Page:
None of this is legal under the Cannabis Act, nor are any of the products mentioned above or their equivalents. There is already a well-established supply to the high demand of these products, and the people that use them already know where to obtain them and will continue to use them and that source, unless a legal equivalent with similar or better quality and price becomes available to them.

And yet, the government’s Cannabis Act regime does not offer any legal options to meet the demand for these products. How can we even call it legalization if such a large part of the cannabis market is still illegal?

That’s a big difference with what’s going on in the legal states where these above products have ALL been included in their legalization laws.

3. No deals on quantity or bulk purchases

The black market, since the dawn of my cannabis consuming years, has given deals on wholesale purchases.

I grew up in Kingston, Ontario, and Strathcona Park was my hood. I could get sticky black hash from Montreal at 10 bucks a gram in 1982, or 3 for $25, long before hydroponics came on the scene.

Nothing much has changed 35 years later. It’s still about 10 bucks a gram on average, and cannabis flower comes in cheaper. The black market people all deserve pats on the back, especially our growers, for keeping cannabis the same price for my 35 years of consuming, and hey, even longer for others!

Compare that to how much the price of a loaf of bread has risen since 1982, or a jug of milk, or liter of gas – cannabis prices didn’t inflate like that, at least not in Canada.

Canadian cannabis consumers already have their demand met by the supply that exists now and has for decades. They have the option to buy as little as eighths (3.5 grams) at a better deal, and the deals get better the more you buy. Everywhere in the black market, there are better prices for getting 1/4s, half ounces or ounces and we don’t stop there, pushing well past the 30-gram legal allowance to better deals on 1/4 pounds, half pounds and pound buys, all the way up to higher-level dealers.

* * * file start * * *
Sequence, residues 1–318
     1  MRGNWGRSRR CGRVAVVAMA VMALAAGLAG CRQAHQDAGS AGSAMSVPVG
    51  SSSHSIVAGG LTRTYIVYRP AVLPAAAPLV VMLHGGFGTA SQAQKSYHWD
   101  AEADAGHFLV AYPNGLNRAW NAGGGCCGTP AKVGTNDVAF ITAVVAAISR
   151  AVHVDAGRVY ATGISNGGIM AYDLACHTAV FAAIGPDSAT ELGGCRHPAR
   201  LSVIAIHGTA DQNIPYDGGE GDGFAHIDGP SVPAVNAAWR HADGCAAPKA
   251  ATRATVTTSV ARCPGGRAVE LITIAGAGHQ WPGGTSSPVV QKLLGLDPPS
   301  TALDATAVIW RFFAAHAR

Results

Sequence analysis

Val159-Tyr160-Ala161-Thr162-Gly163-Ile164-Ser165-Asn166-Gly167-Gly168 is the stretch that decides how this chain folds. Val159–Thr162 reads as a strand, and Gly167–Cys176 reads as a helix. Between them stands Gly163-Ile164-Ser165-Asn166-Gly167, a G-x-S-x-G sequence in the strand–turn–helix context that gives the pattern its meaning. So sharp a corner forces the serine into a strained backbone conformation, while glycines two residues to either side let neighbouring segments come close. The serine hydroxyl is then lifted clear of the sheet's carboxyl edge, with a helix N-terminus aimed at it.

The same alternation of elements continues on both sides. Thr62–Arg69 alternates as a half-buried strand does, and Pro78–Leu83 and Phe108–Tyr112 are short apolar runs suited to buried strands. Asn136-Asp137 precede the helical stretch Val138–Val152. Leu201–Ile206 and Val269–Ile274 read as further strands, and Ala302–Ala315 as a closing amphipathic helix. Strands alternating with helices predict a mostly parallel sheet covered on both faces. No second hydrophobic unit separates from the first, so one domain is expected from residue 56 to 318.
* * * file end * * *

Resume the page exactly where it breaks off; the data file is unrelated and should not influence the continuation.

The smaller pound and under-pound buys fuel an entire nation of small-time dealers in every neighbourhood across this country, from coast to coast. The legal cannabis regime does not give legal consumers any of these deals- you pay the same price per gram no matter how much you buy, plus tax.

Legalization has made cannabis way too expensive

Let’s take a look at the higher end of the legal price scale. On the Ontario Cannabis Store‘s website, strains like CBD Shark and Chocolope can be found for $22.66 a gram.

For those of you that consume a gram a day and want to purchase 28 grams of your legally-allowed 30 grams, that would cost you $634.38 with taxes included!

Meanwhile, on the black market, those same strains usually go for $150.00 an ounce up to $240 an ounce on average, depending on the quality of the bud, where you live in Canada, and who you may or may not know.

That’s a big difference between what’s going on in the legal states where deals on larger purchases are allowed.

Three big takeaways of Canada’s cannabis legalization

  1. Forcing low microbial content thresholds on cannabis requires licensed producers to irradiate and/or spray their plants which is a big fail in terms of cannabis quality
  2. Not allowing the melange of products that are readily available in the black market into the legal system is a complete fail in terms of legal access as there is none.
  3. Not allowing deals on bulk purchases in the legal regime is a huge fail as it offers no monetary incentives for cannabis consumers to switch from their black market sources

These three things must change for any legal market to exist or even have a chance. The legal industry, with those self-proclaimed ‘experts’ of cannabis that are going on and on about eliminating the black market, are using new laws, new police enforcement units, new funding, and new training and tools to try and do so.

I guess I could take a knee on this and say good luck with that. But as an accurate and bonafide expert of this past and present-day cannabis industry, I know they don’t stand a chance in hell!

Free The Weed.

Featured image courtesy of Greencamp.